It’s hard to deny that those who learn martial arts develop many skills and strong character traits needed to take the practice seriously. From improved confidence to self-discipline and respect, the things martial arts teaches are so much more than just physical.
One character trait that is often ignored but is an important part of practicing martial arts is courage. Here we explore how martial arts builds courage in its students and helps both youth and adults overcome their fears and develop new, braver senses of self.
What is Courage?
Courage is a difficult behavior to master. Let’s take a step back and examine what courage means. Courage, or bravery, refers to the act of doing something even though it is frightening or “out of your comfort zone.”
Deeds accomplished through courage are not just “showing off,” but are those that fuel personal growth or have a noble purpose. Trying to jump off a roof into a pool is not brave (although it may be frightening), merely reckless. However, leaping from a boat to rescue a drowning toddler would be considered brave. Performing competitive diving in front of an audience for the first time despite your stage fright would also be brave.
Perhaps your fear is standing up to a bully, starting at a new school where you don’t know anyone, or moving across the country for a better job. Whatever the problems you face, the need for courage is apparent in everyday life. For some, bravery goes hand-in-hand with confidence. The ability to do courageous things may be greatly hindered when one lacks self-confidence. Martial arts is a great way to not only improve your courage but your self-confidence.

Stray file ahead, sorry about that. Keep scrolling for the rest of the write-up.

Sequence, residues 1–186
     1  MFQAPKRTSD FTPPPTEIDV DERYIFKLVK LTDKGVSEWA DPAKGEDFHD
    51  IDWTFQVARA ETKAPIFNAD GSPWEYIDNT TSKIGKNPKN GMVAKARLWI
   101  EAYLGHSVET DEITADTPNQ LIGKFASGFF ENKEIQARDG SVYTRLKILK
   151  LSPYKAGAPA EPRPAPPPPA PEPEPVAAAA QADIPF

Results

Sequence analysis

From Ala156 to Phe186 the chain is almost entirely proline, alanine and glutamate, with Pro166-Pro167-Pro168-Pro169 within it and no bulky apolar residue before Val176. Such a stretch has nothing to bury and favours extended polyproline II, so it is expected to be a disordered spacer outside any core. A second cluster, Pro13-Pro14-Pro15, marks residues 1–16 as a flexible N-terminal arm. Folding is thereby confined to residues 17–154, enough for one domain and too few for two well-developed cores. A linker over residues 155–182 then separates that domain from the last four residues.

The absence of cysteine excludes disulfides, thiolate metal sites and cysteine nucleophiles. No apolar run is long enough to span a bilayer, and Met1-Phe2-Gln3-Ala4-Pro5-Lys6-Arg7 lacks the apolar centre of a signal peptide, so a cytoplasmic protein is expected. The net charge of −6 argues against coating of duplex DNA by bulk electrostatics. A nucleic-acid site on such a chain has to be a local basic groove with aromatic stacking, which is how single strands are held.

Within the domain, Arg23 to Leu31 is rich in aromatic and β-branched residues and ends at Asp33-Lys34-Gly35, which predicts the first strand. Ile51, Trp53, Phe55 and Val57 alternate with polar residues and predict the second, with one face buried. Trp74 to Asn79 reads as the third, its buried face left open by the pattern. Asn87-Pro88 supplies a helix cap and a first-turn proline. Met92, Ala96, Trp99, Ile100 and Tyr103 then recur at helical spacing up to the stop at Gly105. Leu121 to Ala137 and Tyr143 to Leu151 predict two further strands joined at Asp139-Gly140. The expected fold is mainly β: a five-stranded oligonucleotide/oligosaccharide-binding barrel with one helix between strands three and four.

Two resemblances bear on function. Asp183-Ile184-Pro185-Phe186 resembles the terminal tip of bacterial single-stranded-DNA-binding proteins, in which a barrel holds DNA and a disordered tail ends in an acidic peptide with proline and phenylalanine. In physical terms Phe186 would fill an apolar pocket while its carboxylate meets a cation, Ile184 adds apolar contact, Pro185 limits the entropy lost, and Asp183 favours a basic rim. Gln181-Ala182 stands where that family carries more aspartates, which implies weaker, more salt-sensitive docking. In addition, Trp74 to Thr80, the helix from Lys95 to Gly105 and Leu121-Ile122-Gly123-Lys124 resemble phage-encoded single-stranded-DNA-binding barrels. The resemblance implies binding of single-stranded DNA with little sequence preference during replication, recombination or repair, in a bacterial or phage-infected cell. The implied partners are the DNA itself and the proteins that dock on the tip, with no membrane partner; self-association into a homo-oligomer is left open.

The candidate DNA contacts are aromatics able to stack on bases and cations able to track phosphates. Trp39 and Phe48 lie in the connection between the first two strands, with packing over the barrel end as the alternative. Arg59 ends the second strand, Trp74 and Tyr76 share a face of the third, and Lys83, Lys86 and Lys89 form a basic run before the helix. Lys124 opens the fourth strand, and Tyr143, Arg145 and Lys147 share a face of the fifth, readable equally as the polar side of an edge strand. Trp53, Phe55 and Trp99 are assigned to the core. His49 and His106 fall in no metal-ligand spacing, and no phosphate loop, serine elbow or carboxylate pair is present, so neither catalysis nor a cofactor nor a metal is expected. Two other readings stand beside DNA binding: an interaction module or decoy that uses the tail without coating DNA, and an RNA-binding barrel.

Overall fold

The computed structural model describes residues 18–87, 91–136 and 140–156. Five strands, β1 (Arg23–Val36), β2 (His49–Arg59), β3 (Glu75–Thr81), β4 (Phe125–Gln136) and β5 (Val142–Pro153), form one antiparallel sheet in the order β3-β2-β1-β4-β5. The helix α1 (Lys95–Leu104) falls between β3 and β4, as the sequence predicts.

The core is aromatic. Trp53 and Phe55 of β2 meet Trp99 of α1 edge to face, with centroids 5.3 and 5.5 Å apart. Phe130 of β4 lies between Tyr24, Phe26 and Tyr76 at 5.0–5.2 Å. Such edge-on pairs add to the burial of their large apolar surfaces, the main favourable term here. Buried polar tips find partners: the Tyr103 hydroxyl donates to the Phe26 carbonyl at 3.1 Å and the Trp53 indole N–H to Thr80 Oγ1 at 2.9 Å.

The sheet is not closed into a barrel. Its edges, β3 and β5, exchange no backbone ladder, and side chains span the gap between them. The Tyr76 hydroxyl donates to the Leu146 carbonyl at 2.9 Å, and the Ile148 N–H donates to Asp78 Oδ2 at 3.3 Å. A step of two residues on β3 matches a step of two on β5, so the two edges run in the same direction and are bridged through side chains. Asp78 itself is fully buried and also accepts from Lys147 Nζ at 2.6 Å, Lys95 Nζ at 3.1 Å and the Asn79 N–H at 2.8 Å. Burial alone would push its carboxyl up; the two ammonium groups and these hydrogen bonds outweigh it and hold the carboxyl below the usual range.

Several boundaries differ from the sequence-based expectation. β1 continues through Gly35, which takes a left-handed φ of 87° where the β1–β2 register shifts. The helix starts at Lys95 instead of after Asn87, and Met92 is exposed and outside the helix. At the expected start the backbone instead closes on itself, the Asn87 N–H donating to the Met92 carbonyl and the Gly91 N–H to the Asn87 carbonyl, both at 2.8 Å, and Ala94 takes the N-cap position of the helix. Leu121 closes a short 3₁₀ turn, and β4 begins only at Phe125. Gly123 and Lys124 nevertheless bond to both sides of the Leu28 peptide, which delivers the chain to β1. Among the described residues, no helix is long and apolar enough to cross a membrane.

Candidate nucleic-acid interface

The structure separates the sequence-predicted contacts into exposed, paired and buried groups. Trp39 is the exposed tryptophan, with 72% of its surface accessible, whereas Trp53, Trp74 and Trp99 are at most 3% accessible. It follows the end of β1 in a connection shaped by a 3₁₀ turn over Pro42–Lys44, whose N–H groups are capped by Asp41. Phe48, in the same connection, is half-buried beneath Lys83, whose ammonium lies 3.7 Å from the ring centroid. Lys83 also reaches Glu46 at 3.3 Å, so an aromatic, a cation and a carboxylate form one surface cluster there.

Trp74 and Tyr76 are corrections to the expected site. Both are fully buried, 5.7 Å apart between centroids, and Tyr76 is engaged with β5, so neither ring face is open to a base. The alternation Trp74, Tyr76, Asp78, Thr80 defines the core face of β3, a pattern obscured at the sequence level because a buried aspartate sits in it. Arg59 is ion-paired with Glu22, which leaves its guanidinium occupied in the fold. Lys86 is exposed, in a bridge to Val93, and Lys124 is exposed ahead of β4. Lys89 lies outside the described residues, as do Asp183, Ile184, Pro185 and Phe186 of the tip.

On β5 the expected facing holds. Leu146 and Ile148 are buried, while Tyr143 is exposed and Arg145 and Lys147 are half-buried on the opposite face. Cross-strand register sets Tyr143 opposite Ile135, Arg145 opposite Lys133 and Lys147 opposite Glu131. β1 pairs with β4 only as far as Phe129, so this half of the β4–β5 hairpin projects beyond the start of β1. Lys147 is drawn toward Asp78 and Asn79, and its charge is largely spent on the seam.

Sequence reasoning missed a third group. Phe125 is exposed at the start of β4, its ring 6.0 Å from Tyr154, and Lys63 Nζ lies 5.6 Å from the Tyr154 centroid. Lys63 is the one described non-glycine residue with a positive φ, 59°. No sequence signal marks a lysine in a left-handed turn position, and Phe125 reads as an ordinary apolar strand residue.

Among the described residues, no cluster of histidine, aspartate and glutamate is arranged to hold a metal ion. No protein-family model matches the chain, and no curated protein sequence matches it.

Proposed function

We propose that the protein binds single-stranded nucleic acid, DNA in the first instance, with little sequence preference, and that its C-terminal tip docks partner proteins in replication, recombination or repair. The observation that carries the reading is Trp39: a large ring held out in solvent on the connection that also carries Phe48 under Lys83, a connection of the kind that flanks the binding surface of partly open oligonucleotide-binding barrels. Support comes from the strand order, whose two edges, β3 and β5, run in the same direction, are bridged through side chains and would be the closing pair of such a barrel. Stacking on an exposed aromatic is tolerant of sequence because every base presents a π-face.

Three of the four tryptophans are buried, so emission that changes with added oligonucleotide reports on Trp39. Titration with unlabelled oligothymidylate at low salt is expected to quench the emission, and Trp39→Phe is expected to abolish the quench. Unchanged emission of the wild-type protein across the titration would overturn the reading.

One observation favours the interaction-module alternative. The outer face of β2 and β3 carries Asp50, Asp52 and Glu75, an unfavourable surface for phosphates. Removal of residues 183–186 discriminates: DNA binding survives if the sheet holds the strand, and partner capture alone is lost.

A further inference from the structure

Why is Courage Important?
Humans naturally have something called the “flight or fight” instinct. When faced with danger, our brains and bodies responding by either wanting to take on the situation or flee.
Imagine you’re walking down the street. Suddenly, someone pops out from behind a building and shouts, “Boo!” Most people will jerk back and take a few quick steps away (preparing to run, if necessary) or raise their hands to a defensive posture (preparing to fight). Some people may take “fight” a step further and punch the person who surprised them.
Historically, the ‘flight or fight’ response helped us react to potential predators. Of course, we’re no longer dodging sabretooth tigers these days, but the instinct is still there. And it doesn’t just apply to physical threats. We still feel this instinct in any sudden and stressful situation, such as an embarrassing incident at work, or being asked a surprise question in class.
To overcome fear and the natural reaction of stepping down in the face of danger, we need to overcome tap into our ‘fight’ response and build skills and confidence in our abilities to defend ourselves.
Read the full article HERE/kwunion.com.
Source: Black Belt Team